Case Study: Using Sentiment Analysis for Better Copy

For Raise, we decided to test out Mechanical Turk’s new Sentiment Analysis program to help us come up with a great tagline.  This sends out different text or image files to anonymous users online to rate according to a set standard.  While Mechanical Turk already provided the ability to create standard HITs (standard Mechanical Turk tasks), the Sentiment Analysis program makes the process of getting this one kind of feedback much more straightforward. From Mechanical Turk:

 ”Whether you want to track sentiment of tweets for a new product release or monitor sentiment of posts in a customers forum, Mechanical Turk makes it easy to assess sentiment quickly so you can make informed decisions.” [caption id=”attachment_70” align=”alignnone” width=”560”] Sentiment Analysis on Mechanical Turk Sentiment Analysis on Mechanical Turk[/caption] The interface is relatively simple.  You pick  an item (a slogan, for example), a question (“rate how much you like this slogan”), and then upload a .csv file with a list of all the possible slogans you want to test out.  You can choose anywhere between 10-20 ratings for each, which we’ve found to give a pretty consistant response. We tried out this technique with several slogan ideas we were considering.  But before I show you the response, try guessing the order that people preferred the following list: - “Eyes Save Lives” - “Charity Done Right” - “Donate Without Paying” - “We Give You Superpowers” - “Help Things You Care About” - “Join the Mission, Save the World”

Our first test included 15 titles, each which had 10 votes.  At $0.02 per vote, that’s $3.00 (plus a bit extra for using Turk), which is ridiculously cheap for market research. When all the votes come in, you can see an analysis that looks like this: [caption id=”attachment_76” align=”alignnone” width=”560”] Answer Summary Answer Summary[/caption] [caption id=”attachment_77” align=”alignnone” width=”560”] Result Summary Result Summary[/caption]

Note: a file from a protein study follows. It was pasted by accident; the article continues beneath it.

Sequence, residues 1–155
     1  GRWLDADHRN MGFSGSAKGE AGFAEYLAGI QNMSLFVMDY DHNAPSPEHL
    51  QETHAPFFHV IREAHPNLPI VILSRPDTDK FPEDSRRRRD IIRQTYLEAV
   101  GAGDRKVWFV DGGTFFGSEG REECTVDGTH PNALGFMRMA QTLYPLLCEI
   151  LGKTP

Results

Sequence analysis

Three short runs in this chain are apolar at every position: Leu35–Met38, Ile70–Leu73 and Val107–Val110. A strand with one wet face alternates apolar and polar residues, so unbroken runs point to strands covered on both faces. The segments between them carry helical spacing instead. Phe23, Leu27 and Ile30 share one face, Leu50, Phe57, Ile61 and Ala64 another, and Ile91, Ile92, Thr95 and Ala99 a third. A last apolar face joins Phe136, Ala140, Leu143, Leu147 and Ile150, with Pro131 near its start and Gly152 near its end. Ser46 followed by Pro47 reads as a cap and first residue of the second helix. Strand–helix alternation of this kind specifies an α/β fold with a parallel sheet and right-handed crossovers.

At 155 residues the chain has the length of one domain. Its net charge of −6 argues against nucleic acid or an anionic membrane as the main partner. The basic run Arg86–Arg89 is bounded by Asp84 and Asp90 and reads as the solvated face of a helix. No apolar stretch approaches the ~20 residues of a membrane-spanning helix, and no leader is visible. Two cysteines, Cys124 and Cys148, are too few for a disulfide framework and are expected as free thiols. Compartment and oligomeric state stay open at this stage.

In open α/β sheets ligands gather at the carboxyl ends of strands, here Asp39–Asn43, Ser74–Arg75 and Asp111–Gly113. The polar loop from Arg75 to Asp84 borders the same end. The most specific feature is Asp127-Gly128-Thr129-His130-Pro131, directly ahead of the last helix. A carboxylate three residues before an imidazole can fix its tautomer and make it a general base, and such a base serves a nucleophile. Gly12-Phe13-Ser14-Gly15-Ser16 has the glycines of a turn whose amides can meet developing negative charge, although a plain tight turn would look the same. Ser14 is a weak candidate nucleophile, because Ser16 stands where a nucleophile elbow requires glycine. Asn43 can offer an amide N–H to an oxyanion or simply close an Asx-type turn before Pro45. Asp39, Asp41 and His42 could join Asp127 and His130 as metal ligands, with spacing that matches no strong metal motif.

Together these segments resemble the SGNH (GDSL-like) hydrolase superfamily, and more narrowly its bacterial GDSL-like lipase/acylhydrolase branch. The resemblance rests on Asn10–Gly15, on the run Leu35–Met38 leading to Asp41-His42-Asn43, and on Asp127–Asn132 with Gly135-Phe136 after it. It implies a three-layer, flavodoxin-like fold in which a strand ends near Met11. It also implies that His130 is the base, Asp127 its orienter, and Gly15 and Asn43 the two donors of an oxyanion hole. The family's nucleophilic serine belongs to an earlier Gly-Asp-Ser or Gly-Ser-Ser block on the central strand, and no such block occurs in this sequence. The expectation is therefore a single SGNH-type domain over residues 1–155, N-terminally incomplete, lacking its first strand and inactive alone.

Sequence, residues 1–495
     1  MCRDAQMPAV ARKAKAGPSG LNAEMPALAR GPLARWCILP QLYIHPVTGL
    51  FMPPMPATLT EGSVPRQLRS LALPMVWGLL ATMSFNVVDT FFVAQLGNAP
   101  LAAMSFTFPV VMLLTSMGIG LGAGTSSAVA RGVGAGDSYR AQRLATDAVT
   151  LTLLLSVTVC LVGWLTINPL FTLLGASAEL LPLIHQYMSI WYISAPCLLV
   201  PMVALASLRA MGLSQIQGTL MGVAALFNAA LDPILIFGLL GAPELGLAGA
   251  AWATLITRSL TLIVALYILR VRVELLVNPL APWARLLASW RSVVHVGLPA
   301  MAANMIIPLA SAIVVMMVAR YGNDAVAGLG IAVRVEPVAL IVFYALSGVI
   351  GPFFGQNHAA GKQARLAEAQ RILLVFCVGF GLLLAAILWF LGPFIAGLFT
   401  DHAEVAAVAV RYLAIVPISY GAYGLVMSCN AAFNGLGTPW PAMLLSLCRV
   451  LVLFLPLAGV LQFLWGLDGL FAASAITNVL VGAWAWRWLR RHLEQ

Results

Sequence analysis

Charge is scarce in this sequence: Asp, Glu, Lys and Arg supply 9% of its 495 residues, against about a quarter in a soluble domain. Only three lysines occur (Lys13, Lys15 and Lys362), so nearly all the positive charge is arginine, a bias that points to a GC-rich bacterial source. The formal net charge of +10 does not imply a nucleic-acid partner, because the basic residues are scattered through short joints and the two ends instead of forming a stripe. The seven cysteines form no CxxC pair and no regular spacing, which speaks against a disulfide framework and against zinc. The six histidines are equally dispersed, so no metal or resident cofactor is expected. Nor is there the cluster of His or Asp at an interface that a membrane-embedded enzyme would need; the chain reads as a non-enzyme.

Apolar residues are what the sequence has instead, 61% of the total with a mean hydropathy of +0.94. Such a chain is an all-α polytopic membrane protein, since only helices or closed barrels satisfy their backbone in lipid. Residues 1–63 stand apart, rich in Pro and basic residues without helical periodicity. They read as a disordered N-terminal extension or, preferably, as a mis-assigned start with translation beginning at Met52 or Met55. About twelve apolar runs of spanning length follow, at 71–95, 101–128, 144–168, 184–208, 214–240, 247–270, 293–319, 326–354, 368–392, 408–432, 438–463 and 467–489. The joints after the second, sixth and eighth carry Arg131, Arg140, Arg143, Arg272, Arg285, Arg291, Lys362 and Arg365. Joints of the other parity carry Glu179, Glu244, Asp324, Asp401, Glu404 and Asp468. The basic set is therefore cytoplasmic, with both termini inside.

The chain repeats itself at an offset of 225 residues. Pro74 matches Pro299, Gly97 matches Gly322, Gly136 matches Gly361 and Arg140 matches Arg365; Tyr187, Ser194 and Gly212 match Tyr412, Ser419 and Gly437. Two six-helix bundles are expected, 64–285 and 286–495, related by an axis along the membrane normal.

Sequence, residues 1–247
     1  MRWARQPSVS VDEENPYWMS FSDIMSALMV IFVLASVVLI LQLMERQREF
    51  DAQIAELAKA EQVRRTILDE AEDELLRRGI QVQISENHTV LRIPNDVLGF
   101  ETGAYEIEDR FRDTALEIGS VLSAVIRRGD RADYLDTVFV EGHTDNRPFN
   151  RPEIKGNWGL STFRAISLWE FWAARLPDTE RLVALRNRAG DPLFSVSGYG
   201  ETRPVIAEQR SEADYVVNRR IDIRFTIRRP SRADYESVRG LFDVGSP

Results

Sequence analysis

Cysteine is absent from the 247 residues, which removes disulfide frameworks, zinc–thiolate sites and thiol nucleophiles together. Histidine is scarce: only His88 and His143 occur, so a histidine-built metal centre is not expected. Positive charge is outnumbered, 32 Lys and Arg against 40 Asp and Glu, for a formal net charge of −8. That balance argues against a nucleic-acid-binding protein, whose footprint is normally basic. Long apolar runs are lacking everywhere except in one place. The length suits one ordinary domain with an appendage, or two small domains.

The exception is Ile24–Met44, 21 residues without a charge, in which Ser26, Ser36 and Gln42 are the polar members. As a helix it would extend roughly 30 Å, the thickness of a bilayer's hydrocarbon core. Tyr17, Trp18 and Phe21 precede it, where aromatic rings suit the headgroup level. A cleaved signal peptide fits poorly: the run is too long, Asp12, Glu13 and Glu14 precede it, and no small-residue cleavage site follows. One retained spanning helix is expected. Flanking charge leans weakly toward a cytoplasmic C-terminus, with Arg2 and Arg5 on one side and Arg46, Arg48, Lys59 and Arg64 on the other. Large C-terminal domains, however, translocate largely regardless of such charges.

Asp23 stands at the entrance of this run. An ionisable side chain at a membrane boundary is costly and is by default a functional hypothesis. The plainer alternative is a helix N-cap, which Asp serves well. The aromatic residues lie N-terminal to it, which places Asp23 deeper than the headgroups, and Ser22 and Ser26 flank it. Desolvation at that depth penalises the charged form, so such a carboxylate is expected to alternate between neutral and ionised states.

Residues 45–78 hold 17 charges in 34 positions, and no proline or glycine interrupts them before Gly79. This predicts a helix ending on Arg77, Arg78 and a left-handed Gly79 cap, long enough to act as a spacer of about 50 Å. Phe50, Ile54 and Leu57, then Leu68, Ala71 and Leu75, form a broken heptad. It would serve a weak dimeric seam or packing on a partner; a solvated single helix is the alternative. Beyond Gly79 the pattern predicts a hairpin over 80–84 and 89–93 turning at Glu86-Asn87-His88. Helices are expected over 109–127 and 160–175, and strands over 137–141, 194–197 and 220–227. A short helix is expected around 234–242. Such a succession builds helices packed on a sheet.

## Initial Results Our first batch of slogans had the following average ratings: [caption id=”attachment_78” align=”aligncenter” width=”560”] Average Ratings for Each Slogan Option Average Ratings for Each Slogan Option[/caption] Surprised?  In general these matched our intuitions (“Contribute Huge Free” does sound quite bad in retrospect), but we definitely updated our assumptions.  I threw away the idea of making the app superhero themed.  While several of the slogans were items I never intended on using (I personally don’t like the phrase “Save the World”), the idea was to try out a broad space of possibilities to see what people liked and work from there.  At a cost of $0.20 - $0.40 per slogan, it makes sense to test out a lot of strange things. Does this rating perfectly match what will work for our business?  Of course not!  This was a simple test to see which phrases people liked, which could be very different from which ones are good to associate with our product.  The audience is a bit different; Mechanical Turk has mostly a varied sample of computer savvy Americans and our audience is more specific (mostly female). What this does provide us is a simple heuristic to help guide our decision of what messages to pay attention to.  Because we have so many choices, we can discard all that do worse than average and still have plenty of options. In addition, if you want to get better at marketing, one measurable way of doing so is predicting the scores new items will get and measuring the results against those.  We haven’t been doing that yet, but are considering it going forward.  Hypothetically individuals with the most decision power should be those with the most prediction power, and in cases like this, that could be figured out quite well. ##